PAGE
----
But how about Tony LaRussa returning to finish his managerial career where he started it?

Owner Jerry Reinsdorf is still close with LaRussa and the Cardinals are in flux despite their flurry of moves to placate the manager and win now.

In fact, the series of trades—that could be referred to as desperate—could be framed as having been made to win immediately in a last ditch effort to close out the LaRussa-era as a winner.

Could the Cardinals be preparing for a future without Albert Pujols just in case he does leave after the season? And would LaRussa have any interest in managing the Cardinals without Pujols?

He’s going year-to-year with his Cardinals contracts and with the rampant dysfunction that’s coming to light with the fight between Yadier Molina and Gerald Laird and the multitude of issues between LaRussa and Tony Rasmus that expedited Colby Rasmus being traded, maybe he and the Cardinals would like to go their separate ways.

If Pujols leaves, the Cardinals are going to be severely compromised in 2012 and at his age (LaRussa will be 67), does he need the aggravation of a Cardinals clubhouse sans Pujols and little chance to win?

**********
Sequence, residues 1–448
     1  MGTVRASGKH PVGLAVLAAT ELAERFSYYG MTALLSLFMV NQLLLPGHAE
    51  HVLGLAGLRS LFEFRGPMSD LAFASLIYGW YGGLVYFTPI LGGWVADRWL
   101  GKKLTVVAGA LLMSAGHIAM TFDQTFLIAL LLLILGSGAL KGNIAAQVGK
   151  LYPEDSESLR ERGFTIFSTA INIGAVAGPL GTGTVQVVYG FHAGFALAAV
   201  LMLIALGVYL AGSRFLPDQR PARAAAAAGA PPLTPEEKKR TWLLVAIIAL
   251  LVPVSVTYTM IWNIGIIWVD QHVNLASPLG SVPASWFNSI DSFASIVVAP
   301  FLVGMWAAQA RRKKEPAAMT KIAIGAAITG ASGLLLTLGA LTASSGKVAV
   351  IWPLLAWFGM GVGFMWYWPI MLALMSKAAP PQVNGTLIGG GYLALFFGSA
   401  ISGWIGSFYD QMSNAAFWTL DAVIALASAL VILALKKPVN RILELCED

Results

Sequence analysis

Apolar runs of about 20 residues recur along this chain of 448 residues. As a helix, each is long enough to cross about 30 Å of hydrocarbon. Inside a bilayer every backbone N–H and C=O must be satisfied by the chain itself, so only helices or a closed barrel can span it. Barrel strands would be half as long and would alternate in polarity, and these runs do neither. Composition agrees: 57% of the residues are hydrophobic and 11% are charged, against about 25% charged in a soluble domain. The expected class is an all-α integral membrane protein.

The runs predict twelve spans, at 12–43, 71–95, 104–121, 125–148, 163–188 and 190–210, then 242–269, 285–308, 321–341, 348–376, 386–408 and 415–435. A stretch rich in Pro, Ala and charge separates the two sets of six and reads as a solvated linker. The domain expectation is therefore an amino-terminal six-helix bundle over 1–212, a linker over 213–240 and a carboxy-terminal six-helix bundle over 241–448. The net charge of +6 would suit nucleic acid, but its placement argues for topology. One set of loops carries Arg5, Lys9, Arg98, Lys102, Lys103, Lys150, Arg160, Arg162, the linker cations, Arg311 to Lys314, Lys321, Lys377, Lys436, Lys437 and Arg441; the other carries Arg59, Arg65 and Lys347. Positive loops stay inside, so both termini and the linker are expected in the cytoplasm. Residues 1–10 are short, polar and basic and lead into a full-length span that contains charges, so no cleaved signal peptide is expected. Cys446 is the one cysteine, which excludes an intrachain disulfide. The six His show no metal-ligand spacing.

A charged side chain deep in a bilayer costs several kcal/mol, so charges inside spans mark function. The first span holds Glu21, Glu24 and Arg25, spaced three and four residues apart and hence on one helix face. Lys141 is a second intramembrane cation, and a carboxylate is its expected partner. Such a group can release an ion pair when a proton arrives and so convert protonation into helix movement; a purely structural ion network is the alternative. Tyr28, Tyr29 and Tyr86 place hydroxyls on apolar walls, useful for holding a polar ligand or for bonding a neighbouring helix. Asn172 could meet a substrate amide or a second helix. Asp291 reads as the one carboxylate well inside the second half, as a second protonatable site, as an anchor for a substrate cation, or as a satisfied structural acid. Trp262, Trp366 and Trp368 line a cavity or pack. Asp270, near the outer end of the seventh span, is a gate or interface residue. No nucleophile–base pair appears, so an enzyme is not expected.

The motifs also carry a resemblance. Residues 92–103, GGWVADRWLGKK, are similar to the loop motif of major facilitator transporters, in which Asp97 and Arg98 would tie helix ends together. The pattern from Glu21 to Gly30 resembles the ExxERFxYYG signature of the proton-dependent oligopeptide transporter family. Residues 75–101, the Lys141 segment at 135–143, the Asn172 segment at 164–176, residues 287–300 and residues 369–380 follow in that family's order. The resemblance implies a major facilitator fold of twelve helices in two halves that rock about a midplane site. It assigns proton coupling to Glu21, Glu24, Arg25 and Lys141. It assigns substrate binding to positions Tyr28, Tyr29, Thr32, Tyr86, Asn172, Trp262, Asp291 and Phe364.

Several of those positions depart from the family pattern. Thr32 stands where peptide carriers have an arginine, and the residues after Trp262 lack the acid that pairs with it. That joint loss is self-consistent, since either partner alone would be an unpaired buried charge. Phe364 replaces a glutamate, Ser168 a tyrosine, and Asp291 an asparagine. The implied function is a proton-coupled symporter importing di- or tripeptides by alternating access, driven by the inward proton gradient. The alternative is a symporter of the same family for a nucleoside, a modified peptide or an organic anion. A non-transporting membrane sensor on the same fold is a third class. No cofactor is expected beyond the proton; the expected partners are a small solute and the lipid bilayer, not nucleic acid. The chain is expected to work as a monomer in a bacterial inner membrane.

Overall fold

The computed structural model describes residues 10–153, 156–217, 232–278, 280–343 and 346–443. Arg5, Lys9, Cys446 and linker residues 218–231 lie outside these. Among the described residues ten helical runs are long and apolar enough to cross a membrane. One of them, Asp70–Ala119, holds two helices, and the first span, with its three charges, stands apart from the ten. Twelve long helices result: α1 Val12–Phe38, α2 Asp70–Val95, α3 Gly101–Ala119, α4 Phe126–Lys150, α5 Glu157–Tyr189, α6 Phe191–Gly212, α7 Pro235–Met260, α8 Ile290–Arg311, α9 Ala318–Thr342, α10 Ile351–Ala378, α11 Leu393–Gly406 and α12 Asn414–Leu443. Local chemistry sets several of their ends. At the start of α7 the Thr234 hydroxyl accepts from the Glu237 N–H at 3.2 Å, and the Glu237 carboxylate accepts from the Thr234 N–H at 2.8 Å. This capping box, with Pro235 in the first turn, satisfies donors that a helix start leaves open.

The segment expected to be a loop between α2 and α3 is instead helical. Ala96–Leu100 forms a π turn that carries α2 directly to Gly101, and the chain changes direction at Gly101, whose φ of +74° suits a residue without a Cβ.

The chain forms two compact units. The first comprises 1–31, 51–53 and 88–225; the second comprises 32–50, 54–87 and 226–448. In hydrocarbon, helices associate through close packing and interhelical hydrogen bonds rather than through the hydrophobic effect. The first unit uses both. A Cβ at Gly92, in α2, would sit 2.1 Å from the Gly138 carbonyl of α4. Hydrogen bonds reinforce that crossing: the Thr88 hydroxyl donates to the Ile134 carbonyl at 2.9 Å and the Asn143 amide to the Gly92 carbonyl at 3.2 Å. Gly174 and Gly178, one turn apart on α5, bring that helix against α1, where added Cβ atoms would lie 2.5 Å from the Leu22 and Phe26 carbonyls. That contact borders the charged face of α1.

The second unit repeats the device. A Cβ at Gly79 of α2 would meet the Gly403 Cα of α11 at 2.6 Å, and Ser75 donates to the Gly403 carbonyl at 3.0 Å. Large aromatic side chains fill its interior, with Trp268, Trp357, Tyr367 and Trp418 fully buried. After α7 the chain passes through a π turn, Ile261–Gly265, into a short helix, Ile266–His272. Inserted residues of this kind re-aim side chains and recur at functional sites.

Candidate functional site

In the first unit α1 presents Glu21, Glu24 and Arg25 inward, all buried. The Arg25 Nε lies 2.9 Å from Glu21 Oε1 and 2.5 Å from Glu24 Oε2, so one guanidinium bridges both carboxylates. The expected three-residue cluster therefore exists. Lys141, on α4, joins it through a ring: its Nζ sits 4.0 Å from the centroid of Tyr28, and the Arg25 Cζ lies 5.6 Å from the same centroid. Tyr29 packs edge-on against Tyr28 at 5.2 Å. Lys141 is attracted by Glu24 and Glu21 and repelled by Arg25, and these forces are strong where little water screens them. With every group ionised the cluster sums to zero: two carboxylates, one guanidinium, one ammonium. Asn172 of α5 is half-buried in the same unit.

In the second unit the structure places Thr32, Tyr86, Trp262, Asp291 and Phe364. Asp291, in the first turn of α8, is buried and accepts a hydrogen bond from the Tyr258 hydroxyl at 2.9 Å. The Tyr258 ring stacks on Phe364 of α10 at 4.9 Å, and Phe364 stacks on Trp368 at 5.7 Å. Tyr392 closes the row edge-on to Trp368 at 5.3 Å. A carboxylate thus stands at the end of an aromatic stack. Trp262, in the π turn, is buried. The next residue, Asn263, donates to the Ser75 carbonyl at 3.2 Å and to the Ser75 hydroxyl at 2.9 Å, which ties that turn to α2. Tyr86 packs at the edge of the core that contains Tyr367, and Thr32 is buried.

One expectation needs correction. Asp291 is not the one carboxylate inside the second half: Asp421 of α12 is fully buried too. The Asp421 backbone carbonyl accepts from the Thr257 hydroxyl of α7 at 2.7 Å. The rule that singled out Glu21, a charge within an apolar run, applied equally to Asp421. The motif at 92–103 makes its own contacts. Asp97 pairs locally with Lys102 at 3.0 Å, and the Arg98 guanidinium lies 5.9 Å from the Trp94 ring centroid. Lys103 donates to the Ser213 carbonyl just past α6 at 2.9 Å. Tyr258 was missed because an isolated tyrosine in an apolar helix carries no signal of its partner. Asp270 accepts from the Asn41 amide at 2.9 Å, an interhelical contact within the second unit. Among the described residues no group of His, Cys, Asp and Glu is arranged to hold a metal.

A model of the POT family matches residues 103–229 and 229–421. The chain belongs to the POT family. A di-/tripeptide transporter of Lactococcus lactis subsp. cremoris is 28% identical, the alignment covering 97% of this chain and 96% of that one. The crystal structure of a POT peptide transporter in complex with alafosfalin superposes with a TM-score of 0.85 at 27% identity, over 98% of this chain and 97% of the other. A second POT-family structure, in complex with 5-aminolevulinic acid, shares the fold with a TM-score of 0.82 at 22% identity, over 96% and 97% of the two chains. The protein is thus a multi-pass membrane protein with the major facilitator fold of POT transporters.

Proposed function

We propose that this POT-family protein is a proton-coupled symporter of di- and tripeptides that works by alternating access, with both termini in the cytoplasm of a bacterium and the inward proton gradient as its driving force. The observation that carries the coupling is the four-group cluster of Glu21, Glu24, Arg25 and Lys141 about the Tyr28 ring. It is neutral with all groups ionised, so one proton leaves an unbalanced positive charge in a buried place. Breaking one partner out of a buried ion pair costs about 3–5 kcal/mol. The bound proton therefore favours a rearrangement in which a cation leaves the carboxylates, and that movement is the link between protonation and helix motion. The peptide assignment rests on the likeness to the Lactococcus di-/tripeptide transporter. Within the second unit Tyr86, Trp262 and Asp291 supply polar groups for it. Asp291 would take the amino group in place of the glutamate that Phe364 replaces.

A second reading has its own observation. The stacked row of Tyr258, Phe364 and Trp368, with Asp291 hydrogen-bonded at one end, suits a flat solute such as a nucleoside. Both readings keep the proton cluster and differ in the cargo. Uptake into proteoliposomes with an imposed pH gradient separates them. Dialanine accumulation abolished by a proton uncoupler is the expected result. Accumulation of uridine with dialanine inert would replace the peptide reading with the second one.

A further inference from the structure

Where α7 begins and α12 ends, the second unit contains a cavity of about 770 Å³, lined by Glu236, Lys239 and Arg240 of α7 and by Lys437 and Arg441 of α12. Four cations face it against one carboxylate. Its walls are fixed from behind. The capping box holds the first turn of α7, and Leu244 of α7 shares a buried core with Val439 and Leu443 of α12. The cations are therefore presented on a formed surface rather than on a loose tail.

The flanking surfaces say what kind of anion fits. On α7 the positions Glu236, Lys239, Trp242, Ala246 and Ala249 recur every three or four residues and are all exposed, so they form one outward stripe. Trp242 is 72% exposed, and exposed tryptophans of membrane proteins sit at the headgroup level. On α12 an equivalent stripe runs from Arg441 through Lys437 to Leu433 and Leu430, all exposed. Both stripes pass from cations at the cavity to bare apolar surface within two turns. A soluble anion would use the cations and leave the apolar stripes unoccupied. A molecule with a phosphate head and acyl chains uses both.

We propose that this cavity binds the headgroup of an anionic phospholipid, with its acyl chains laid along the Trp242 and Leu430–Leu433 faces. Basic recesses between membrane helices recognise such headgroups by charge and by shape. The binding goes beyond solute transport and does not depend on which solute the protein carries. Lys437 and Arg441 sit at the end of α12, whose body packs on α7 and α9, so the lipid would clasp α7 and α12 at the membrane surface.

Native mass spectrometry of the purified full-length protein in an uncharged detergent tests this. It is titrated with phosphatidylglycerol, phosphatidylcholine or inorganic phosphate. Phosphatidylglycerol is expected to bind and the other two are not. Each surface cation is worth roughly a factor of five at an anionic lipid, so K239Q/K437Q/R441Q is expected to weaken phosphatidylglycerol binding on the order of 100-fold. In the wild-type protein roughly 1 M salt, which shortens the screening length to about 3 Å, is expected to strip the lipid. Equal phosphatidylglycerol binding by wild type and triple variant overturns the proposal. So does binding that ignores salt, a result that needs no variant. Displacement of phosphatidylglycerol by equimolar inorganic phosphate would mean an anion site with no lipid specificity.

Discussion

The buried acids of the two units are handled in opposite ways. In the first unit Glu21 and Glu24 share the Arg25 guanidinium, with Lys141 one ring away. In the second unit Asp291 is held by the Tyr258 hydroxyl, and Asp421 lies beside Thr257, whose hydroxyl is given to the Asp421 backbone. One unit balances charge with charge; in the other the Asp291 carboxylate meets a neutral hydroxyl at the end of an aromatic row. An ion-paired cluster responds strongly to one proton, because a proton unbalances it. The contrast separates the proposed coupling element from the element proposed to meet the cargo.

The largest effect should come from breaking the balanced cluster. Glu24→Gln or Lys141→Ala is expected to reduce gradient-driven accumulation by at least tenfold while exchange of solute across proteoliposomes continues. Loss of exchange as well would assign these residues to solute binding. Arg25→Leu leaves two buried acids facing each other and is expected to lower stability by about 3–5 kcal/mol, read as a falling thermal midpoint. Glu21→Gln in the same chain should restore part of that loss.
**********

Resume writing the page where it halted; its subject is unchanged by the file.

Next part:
The White Sox will have a lot of talent on the roster in 2012 and are ready-made to contend—a perfect spot for LaRussa in both practice and aesthetics.

It’d take a lot for it to happen, but it’s a viable landing spot for a 2-3 year window to try and win another championship and go out in the venue where he came in.

//

Extrapolating The Marlins

Fantasy/Roto, Free Agents, Games, Management, Media, Players

Nobody, but nobody had speculated that Edwin Rodriguez would resign of his own accord before getting fired. We continually saw “insiders” and “experts” making statements as to the safety or precariousness of Rodriguez’s position.

Logically, he was going to get fired—soon—had he not resigned.

This is something to look at as to the machinations of the decision.

Here’s my guess: Rodriguez resigned because he was about to be fired and the Marlins front office didn’t want to deal with the fallout of firing another manager and be perceived as a chaotic, Steinbrenneresque outfit that overestimates a flawed roster and reacts by sacrificing the easiest and most disposable member of management—the field manager.